- Waste to wealth:
- Instead of burning of the stubble, it can be managed in-situ in different ways like cattle feed, compost manure, biomass energy, mushroom cultivation, packing materials, fuel, paper, bio-ethanol and industrial production, etc.
- Technological interventions:
- Farmers can also manage crop residues effectively by employing agricultural machines like Happy Seeder, Rotavator, baler (used for collection of straw and making bales of the paddy stubble) and Paddy Straw Chopper (cutting of paddy stubble for easily mixing with the soil).
- Financial incentives:
- Currently, the machineries are too costly and the state governments should come forward and provide assured subsidy for purchase. Also, states can follow Punjab’s model of procuring residue at a price and utilising crop residue for ethanol production and in biomass-based power plants.
- Biotechnological solutions:
- Biotechnology can be used to develop crops with low lignocellulosic residues and solutions to increase decomposition rates in residues.
- Extract nutrients:
- Stubble offers an important source for meeting the nutrient requirements of crops and improving soil health. But for their extraction, states need to step in with technological support and engage already-existing mechanisms like the MGNREGA for this purpose.
- Crop diversification:
- The need of the hour is to divert the grain bowl status from North to other regions of India and encourage other crops, especially pulses and horticulture.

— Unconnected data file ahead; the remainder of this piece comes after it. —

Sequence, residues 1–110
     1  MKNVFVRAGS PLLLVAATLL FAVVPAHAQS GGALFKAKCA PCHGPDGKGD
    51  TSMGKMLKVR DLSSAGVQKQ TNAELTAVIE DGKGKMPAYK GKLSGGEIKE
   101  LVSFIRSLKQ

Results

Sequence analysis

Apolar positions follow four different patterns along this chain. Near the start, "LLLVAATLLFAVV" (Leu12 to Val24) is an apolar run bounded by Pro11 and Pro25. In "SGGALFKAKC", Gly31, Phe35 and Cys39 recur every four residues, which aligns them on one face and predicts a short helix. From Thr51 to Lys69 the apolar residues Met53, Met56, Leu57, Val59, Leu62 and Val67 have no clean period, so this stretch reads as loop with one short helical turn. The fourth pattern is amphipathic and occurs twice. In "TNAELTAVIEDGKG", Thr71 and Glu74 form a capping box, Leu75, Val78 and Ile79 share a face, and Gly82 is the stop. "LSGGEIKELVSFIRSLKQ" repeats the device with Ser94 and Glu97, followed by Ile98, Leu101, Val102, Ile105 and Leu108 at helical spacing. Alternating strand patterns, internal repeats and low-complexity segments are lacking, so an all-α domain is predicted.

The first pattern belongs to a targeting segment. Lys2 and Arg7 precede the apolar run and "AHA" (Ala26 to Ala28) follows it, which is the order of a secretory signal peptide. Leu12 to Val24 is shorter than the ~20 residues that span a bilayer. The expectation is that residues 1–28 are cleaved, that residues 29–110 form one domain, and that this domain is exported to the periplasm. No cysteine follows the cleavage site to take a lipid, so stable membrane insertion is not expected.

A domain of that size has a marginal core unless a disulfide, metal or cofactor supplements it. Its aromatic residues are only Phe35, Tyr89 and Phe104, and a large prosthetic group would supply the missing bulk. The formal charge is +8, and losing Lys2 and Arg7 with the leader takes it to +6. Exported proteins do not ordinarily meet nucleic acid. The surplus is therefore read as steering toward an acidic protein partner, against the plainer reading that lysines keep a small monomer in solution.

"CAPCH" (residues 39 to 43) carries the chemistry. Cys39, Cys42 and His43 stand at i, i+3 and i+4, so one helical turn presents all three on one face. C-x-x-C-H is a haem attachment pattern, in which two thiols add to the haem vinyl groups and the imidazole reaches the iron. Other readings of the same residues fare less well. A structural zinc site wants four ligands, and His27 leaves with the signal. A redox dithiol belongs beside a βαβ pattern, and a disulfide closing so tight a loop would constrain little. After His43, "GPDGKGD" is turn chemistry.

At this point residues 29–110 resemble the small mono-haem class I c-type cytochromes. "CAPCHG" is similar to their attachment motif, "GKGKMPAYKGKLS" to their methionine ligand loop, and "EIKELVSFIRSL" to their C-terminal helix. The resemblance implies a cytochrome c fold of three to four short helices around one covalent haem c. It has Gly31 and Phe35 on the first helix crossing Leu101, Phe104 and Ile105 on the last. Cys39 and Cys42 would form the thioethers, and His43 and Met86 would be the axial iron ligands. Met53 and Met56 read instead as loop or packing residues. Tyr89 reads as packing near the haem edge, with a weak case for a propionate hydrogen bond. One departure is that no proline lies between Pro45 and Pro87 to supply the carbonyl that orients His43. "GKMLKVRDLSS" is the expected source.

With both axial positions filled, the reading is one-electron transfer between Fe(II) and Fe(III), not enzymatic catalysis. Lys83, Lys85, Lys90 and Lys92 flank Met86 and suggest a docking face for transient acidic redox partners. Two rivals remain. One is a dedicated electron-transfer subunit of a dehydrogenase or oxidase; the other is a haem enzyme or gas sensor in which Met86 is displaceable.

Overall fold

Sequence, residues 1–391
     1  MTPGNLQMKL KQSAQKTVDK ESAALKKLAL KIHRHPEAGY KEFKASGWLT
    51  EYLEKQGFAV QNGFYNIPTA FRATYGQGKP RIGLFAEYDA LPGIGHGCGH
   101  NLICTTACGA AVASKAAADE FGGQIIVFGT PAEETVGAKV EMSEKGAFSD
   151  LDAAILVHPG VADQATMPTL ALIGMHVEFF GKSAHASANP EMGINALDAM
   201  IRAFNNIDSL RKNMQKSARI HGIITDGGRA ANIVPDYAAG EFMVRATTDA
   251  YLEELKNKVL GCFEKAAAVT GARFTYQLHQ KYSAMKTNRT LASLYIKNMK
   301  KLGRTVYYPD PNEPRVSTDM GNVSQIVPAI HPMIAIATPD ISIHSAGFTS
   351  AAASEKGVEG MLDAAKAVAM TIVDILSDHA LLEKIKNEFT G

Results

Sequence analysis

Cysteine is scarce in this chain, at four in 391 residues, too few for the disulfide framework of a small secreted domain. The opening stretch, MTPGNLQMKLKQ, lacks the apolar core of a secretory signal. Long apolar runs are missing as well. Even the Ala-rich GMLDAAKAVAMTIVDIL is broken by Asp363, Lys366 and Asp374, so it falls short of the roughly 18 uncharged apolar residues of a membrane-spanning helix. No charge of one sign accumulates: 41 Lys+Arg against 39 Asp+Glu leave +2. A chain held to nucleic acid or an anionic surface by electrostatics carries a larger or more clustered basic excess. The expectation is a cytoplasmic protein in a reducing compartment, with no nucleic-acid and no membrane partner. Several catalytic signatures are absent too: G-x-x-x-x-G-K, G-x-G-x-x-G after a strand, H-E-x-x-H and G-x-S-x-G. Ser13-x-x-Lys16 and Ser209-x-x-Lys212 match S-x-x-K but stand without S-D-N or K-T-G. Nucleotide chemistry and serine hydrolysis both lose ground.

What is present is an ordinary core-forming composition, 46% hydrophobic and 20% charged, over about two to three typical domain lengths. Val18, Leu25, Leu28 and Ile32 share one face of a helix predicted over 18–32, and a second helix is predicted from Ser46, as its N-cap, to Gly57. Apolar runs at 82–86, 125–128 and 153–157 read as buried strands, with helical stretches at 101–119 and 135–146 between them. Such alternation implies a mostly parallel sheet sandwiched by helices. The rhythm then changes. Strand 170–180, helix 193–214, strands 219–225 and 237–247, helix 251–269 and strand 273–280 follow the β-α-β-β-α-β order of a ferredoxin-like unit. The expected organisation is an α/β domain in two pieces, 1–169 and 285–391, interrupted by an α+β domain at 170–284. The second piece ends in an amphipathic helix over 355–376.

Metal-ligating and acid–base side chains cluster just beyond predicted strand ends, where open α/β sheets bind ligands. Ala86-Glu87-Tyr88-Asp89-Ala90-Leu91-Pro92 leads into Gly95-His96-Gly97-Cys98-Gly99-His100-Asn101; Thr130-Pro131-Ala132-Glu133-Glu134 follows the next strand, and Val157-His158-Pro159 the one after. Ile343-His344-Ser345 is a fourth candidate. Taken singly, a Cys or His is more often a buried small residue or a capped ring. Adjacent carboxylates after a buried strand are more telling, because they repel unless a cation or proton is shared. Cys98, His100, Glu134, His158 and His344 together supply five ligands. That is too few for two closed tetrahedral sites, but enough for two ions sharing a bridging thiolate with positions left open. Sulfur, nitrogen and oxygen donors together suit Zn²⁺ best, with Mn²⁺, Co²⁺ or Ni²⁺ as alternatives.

- Legislative changes:
- To encourage diversification, the MSP of pulse and horticrops should be altered to ensure economic price parity with cereals. Also, amendment to APMC Act to ensure private participation in marketing and development of post-harvest handling infrastructure for perishable commodities should be made.
CASE STUDY: Chhattisgarh’s Gauthans
- In Chhattisgarh, the government has undertaken an innovative experiment by setting up ‘Gauthans’.
- A gauthan is a dedicated five-acre plot, held in common by each village, where all the stubble is collected through people’s donations. It is then converted into organic fertiliser by rural youth. This provides them a living.
- The system works on a decentralised model. The government supports only the transportation of residue from the farm to the nearest gauthan.
- The state has successfully developed 2,000 gauthans.
Q. Discuss the causes and impact of stubble burning in India? Suggest measures to tackle stubble burning?